I will quote the introducing programmer: this film is not what you might think.
College Boys Live is a documentary by George O’Donnell, about a website of the same name.
This is film about a paid website? Yup. Naked boys? Sometimes. Pornography? Debatably.
Zac Adams is the owner of a website, CollegeBoysLive.com, and he thinks he has a pretty good offer for the right boy. He offers a beautiful home with a pool, a hot tube, minimal chores, no bills… And all the boys have to do is live in a house wired with cameras broadcasting live to a website online 24 hours a day. He thinks it’s a fair trade: complete surrender of one’s privacy for free room and board and no responsibilities (except to chat with website members for two hours a days, preferably doing the last half hour in the nude). He would argue that it is not pornography because no one is paid and not exploitation because the six month tenure at the house is completely voluntary.
Adams juggles new webcam technologies, the ever-changing composition of boys adjusting to life in the CBL house and a disgruntled homeowners association that wants him and his business gone from their neighborhood.
At the time of this documentary, the three latest housemates are Chuck, JC and Tim, all twenty years old or less. Chuck is the very tall, very shy, very effeminate young man from Massachusetts. He is basically using CBL as an opportunity to be away from home, to try something different. His principle challenge in the film is trying to pulling his heartstrings free of his hometown.
Tim is a very tall, very thin, very pretty young male who is hoping to use CBL as a launch pad to a new life in Florida. His becomes the object of attention for a long-time site member and “friends of the House” Charlie. Charlie of course offers Tim his attention, and other gifts, with no strings attached; well, that is of course until Tim makes a date with another member. And owner Zac finds himself in the middle.
JC is… a mess. A high strung, emotionally damaged young man from Michigan. He constantly rails that CBL is his new and only family. He enjoys the idea of celebrity and being the object of adoration by the website members. JC is also, however, a trouble magnet. He is a compulsive liar and a master at emotional manipulation. His presence wreaks havoc in the short time that he is in the house.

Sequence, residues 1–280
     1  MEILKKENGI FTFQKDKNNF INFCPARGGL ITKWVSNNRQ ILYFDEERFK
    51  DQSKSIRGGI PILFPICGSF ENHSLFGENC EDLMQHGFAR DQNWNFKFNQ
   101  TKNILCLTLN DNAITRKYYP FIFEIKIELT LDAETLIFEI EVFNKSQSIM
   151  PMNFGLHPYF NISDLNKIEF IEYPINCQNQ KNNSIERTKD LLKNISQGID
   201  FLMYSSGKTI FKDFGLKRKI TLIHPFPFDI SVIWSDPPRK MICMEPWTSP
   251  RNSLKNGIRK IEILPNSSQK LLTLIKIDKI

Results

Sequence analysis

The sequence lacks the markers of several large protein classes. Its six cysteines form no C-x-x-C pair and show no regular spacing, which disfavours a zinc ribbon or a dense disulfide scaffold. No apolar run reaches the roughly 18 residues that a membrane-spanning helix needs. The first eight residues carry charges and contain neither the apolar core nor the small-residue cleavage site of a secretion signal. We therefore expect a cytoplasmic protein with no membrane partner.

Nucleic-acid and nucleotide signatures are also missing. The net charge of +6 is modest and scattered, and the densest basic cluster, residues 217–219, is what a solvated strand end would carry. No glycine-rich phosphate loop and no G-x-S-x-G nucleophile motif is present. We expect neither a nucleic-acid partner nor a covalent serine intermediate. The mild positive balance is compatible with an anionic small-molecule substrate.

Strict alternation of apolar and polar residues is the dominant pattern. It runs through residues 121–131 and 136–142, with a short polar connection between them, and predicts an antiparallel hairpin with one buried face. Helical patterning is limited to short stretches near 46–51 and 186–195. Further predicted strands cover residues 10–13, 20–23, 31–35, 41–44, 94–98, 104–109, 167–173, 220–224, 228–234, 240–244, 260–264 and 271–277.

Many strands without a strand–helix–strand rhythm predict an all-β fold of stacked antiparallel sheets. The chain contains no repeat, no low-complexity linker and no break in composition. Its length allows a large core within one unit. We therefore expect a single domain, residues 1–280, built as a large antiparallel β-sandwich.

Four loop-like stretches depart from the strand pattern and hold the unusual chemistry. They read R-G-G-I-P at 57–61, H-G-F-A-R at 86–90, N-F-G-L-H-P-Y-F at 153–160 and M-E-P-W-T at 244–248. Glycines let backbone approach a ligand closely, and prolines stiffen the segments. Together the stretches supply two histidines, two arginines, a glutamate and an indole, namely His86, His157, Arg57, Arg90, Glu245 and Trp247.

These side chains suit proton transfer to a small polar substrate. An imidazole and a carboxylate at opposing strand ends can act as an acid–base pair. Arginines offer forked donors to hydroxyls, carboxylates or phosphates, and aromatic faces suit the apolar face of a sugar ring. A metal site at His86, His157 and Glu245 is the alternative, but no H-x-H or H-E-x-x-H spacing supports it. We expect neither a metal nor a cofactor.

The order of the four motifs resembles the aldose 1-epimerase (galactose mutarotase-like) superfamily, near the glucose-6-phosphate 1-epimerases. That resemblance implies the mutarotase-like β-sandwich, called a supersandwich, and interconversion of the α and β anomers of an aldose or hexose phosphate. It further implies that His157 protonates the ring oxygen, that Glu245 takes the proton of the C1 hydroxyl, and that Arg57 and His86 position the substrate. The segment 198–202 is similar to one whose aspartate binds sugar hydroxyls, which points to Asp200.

George O’Donnell’s documentary takes an intimate look at three boys and how you try to become young men under extremely unusual circumstances. The filmmaker does a great job of simply providing the conduit through which we get a glimpse of this world, versus being inflammatory or biased. Irt does exactly what a documentary is supposed to do: document, observe, illuminate and be as invisible as possible in those pursuits.
The film College Boys Live, aside from not actually featuring any boys who are in college, also examines the question of exploitation and morality when voyeurism is a business. It is an interesting study to see how these young gay men enjoy new found freedom to be who they are, without making any significant progress in understanding, or deciding the men that they will eventually grow up to be. Zac Adams would argue that the house has been great for some members who battle with low self-esteem and even helps young men with identity crises.
College Boys Live is an official selection of OUTFest 2009 happening at the DGA and surrounding neighborhood theatres, now through July 19, 2009.